By Clay

I went on a trip from Lookout Mountain, Georgia to Cooperstown, New York to see a handful of Braves go into the baseball Hall of Fame with my nephew.  It was an absolute blast of a trip, and one that also gave me insight into my work with ARPI.  From a scenic standpoint, it was an opportunity to basically drive up 81 and see a goodly portion of the Appalachian mountains and its surrounding communities.  At one point, 81 was closed because of terrible accident where someone lost their life.

I had to take a detour all the way out to Bedford, VA and then take 43 up to the Blue Ridge Parkway.  You can’t get mad with that kind of detour.  It is an absolutely beautiful drive.  We got back on 81 near Buchanan and I was sad I couldn’t take time to walk across the totally safe-looking swinging bridge across the James River. 

But the thing that struck me the most about the trip is that my entire life I’ve always thought that the north/south divide in the US was a distinctive one.  To some degree that is true, but regardless of what side of the Mason Dixon line I was one many of the rural towns and hamlets looked the same and (in my drive-thru diagnosis) probably faced many of the same problems.  As much as this pains me as a Southerner, maybe the urban/rural divide is a greater chasm than that of the north/south.  This was well-described in an Atlantic article from a couple of years ago.

One of the main things that I want to ensure with the work that ARPI does is that the political importance of those who live “everywhere else” does not continue to erode.

Now that the trip is over and I’m back…onto our regularly scheduled blog:

Poverty is moving to the Burbs: this has been in the news for a while now but there are several interesting articles coming out on the heels of a Brookings Institution study done by Elizabeth Kneebone (who was kind enough to talk with me last fall about my goals with ARPI).  For the Chattanooga/NW Georgia “tract”--or neighborhood--there has been nearly a 50% increase in the poor population.  There are interesting takes on the study at Vox here which I might quibble with some of their suggested solutions.  Wonkblog picked up the story as well.

Simple and Effective

Not sure this would fit either description, but I’m more skeptical of the “effective” piece of it than the “simple” part.  Maybe Cooper didn’t see another article in The Week 

False Dichotomy Alert:  “Not being able to afford the water bill is not an issue of personal responsibility; it is a symbol of a much larger systematic shift that makes being poor expensive and permanent.”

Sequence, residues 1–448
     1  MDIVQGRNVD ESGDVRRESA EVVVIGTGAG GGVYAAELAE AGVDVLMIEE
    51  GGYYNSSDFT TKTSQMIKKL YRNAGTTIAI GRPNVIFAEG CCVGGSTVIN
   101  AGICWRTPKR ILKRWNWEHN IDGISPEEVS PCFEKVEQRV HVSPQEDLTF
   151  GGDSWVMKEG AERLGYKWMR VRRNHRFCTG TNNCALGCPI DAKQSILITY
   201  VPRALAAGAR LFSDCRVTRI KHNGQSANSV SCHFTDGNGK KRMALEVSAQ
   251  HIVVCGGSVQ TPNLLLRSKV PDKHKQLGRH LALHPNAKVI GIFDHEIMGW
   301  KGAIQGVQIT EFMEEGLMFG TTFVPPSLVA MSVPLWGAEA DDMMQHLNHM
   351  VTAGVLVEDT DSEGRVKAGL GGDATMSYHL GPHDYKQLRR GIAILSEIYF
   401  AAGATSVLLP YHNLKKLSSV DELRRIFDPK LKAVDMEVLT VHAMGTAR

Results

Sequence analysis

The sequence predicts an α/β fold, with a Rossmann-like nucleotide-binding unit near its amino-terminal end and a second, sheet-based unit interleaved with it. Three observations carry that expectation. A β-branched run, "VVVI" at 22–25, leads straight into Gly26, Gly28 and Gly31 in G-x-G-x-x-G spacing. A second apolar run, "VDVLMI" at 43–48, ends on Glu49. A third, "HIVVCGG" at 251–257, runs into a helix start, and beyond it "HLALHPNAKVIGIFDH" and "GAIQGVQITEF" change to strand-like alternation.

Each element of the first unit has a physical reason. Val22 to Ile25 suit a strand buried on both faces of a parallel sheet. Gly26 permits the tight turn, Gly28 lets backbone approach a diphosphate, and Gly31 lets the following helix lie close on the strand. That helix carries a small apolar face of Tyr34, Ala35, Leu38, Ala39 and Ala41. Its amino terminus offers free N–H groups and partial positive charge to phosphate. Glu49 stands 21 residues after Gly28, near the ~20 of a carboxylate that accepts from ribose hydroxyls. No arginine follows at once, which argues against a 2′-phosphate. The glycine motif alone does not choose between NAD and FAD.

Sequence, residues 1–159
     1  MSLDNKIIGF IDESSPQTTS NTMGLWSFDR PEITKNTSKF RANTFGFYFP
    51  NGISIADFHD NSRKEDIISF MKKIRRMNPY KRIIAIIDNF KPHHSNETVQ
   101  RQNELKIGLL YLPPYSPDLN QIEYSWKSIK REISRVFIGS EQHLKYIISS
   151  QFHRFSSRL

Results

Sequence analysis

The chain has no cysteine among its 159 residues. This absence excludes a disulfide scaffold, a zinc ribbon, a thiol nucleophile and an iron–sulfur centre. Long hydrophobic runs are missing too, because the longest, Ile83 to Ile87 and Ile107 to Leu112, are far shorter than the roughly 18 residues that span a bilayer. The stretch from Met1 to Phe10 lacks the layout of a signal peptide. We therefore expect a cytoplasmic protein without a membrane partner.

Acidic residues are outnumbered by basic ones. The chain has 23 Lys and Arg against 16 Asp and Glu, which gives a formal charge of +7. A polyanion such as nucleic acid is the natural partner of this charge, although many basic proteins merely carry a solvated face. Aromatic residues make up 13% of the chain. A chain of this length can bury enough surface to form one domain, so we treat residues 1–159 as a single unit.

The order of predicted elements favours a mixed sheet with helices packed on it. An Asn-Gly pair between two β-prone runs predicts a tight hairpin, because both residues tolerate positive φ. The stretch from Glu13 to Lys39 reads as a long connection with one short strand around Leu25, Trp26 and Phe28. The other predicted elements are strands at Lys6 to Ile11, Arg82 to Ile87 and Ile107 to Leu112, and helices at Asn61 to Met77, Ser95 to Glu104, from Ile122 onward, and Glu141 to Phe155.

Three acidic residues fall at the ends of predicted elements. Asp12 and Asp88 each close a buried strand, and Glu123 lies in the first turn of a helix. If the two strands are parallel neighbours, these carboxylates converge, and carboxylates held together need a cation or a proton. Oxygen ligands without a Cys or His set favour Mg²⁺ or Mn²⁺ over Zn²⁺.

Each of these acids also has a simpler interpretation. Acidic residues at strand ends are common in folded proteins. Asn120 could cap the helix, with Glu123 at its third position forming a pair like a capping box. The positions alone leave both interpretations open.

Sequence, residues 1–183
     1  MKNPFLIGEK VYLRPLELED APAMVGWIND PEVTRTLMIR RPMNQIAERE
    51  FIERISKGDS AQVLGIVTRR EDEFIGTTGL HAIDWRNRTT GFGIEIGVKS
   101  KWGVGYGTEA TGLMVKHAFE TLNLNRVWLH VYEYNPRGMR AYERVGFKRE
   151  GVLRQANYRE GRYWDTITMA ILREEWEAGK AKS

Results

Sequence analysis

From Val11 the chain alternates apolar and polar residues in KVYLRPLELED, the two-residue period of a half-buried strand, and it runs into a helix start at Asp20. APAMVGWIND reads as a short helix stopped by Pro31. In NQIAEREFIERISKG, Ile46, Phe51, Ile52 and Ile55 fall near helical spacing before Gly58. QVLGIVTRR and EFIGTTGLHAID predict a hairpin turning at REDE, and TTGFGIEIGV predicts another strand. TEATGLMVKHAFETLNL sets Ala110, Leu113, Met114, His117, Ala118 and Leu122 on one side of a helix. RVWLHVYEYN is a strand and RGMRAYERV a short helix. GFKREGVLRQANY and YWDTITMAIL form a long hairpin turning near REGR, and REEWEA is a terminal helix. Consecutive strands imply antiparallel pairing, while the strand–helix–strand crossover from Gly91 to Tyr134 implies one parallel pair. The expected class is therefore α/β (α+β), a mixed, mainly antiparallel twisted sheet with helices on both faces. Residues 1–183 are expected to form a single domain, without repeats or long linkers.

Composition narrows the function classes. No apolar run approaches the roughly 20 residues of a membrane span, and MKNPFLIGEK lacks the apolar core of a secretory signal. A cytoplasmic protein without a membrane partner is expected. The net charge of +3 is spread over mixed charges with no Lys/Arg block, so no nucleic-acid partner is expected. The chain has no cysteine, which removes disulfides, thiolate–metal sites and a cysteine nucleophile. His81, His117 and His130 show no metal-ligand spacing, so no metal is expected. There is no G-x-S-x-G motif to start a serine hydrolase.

I find this debate about poverty as structural problem or individual choice tiresome.  Why must one choose a side?  With all due respect to Professor Cha, but sometimes not being able to afford the water bill is a personal responsibility issue.  That doesn’t require me to believe that structurally we are fine. Cooper brings up this false dichotomy as well.  Maybe we can split the difference and say that some structural issues sometimes exacerbate bad personal choices?

Social Impact Bonds:  Bringin’ People Together: Social impact bonds have the potential to transform our nation’s social safety net by shifting the focus of such programs from inputs to outcomes,” Young said. “In other words, instead of arguing about how much or how little we are spending, policymakers should reward what works based on actual evidence. Whether you think government ought to do more to help our fellow Americans in need, or you think government needs to save money wherever possible, social impact bonds provide a solution on both counts.”  

And here.

More from Dr. Roman:  Breaking SIBs Down into Steps

“Step one should be an effort to understand what drives the most frustrating costs to government: individuals, families, and places that cycle endlessly through our systems.

Who are these “frequent flyers” who continually touch many systems and generate disproportionately high expenses for taxpayers? Examples include:

            Kids involved in juvenile justice, child welfare, and special education.

            Adults who are chronically homeless, mentally ill, and returning from prison.

Step two is to determine why government is ineffective in treating these frequent flyers. The answer is deceptively simple: Government knows what it spends, but not what it buys. A SIB requires that the outcomes are explicit.

Step three is to determine if there are evidence-based interventions that would alleviate the problem. It’s important to remember that not every significant problem has an evidence-based solution.

For the final step, a clear-eyed decision must be made about whether SIBs are the right financing mechanism. It should be noted that SIBs are not the answer to every undercapitalized intervention.

The social innovation field is currently in an evolutionary stage, with a focus on building a SIB-ready sector, which simply means educating and experimenting across all parties involved in these transactions."

In order to get to a stage where these innovations are scaled and serve high proportions of targeted populations, a much more strategic approach is required.

ARPI is here to help develop a strategic approach to the rural South.

Anti-Poverty PlanVox gives a thoughtful analysis on Ryan’s proposal.  This kind of thoughtful debate on the subject is a good thing. 

“In short, Paul Ryan's poverty plan appears to be an attempt to change the Republican Party's view — a view driven, in large part, by Paul Ryan and his budgets — of what to do with programs for the poor. In Paul Ryan's budgets, those programs were slashed to make way for other budgetary goals. In this plan, they're reformed in order to achieve the goal of reducing poverty.”